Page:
From time to time, I receive the occasional photo from the wild of some interesting automotive oddity from friends and family. Today’s subject however, I’m forced to admit, had me stumped.
Now, I consider myself to be reasonably authoritative on matters automotive, at least when it comes to the European industry anyway. Admittedly any putative knowledge tends to evaporate once we metaphorically cross the Atlantic but I have rarely if ever failed to correctly identify anything flung my way – until now. Even I had to admit defeat on this one.
What we are looking at is better known as a WiLL Cypha. I expect that unlike me, you (our informed and highly knowledgeable DTW readers) know your Japanese oddities and are incredulously shaking your heads at my ignorance, but for those who do not, WiLL existed as a domestic Toyota sub-brand (of sorts), akin to the now similarly defunct Scion nameplate in the US. Just as Scion was an attempt at shifting the ownership dial towards a younger demographic, WiLL was aimed at the youth market in Japan, and in particular, towards women under 23.
The WiLL brand encompassed an array of products and services, with brands like Asahi and Panasonic joining forces to tap the youth Yen. To some extent then, it was the Toyota equivalent to Nissan’s Pike Factory cars – or indeed the Cube. Based on humble Yaris underpinnings, the Cypha, a shortened version of ‘Cyber Phaeton’ (so now you know), was an exercise in styling over functionality. Dimensionally (and if you squinted really hard, stylistically) similar to the US market Scion xD, the Cypha was introduced in 2002, replacing the even more cartoonesque and shortlived Vi model.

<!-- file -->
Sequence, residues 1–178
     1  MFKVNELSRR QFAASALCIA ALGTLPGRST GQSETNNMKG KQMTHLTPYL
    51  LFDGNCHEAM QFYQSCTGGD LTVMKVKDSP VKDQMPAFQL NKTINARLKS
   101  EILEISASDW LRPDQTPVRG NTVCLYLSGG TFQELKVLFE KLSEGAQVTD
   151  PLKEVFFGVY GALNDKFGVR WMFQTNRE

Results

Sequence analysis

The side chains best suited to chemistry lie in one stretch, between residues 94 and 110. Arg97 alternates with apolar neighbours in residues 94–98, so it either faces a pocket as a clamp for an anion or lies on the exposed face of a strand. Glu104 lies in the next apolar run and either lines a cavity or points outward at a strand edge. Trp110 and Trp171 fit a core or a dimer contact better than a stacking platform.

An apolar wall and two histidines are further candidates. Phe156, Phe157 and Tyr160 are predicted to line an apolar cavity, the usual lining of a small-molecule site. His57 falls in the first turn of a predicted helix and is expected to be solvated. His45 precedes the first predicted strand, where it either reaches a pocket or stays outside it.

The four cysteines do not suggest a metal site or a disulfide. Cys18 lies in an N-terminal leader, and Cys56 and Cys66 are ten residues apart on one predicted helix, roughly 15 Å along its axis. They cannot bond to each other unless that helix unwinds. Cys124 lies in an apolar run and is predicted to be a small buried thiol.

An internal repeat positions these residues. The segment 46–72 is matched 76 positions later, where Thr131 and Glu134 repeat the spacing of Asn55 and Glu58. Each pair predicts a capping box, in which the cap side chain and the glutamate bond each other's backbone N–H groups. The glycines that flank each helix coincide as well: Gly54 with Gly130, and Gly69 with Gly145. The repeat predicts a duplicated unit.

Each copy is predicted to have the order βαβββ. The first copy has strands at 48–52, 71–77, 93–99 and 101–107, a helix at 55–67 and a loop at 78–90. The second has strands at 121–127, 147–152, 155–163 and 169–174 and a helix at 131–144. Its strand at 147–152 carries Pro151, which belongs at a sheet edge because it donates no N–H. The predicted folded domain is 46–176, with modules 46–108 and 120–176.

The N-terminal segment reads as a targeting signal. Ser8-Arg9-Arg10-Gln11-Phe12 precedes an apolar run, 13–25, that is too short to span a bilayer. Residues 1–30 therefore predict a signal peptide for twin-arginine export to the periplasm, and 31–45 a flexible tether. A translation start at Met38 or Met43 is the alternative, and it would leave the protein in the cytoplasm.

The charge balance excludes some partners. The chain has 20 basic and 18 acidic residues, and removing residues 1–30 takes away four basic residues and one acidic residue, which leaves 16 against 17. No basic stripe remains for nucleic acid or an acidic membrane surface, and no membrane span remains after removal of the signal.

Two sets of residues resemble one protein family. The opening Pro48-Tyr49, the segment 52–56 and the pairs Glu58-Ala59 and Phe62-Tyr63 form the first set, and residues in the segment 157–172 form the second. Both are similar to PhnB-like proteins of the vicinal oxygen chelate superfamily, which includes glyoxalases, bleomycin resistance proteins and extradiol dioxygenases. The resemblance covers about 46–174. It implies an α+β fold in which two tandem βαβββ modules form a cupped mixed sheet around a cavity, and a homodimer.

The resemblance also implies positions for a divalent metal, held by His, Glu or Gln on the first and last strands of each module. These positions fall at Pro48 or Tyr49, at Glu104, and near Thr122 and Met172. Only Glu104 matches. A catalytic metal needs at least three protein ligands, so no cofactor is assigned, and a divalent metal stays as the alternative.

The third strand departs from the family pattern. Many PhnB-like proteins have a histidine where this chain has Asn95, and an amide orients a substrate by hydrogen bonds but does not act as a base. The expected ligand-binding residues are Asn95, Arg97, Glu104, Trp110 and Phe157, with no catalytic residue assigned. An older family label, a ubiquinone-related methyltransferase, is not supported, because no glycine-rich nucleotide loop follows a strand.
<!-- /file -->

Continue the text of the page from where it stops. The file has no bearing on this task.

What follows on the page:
In several respects, Toyota was ahead of the wider industry here, the WiLL-badged cars being offered to customers as a lease rather than an outright purchase. Subscribers paid a monthly fee based upon mileage elapsed, this being transmitted electronically from the car’s built-in media centre to the dealer. This device also housed a sat-nav, could display emails as well as images from the user’s camera phone, while a range of games and navigation maps could also be downloaded from WiLL outlets.
But what perhaps dates the cars’ design and concept more than any other factor is the combination of style and market positioning. Unaggressive if wilfully odd in appearance, the Cypha’s unusual down-the-road-graphics are not of the ‘snarling six year old’ variety that is so favoured now. Similarly, the cars were set up for comfort rather than Nordschleife-busting, which as concepts go, seems almost laughably quaint in 2017.
The WiLL experiment came to an abrupt end in 2004, while Scion limped on until 2016. Now that Waku-Doki appears to be the new black, the remaining WiLL models are rebranded Toyota. So how you might ask did this cosmic voyager from Toyota City beam down in suburban Cork? Well, where there’s a WiLL there’s usually a way.
Did I say black? In this case I actually mean grey – as in import. For such a conservative country, (especially when it comes to matters automotive) cars such as this enjoy a surprising second life, but as has been stated in the past, the land of my fathers is often a place of extremes.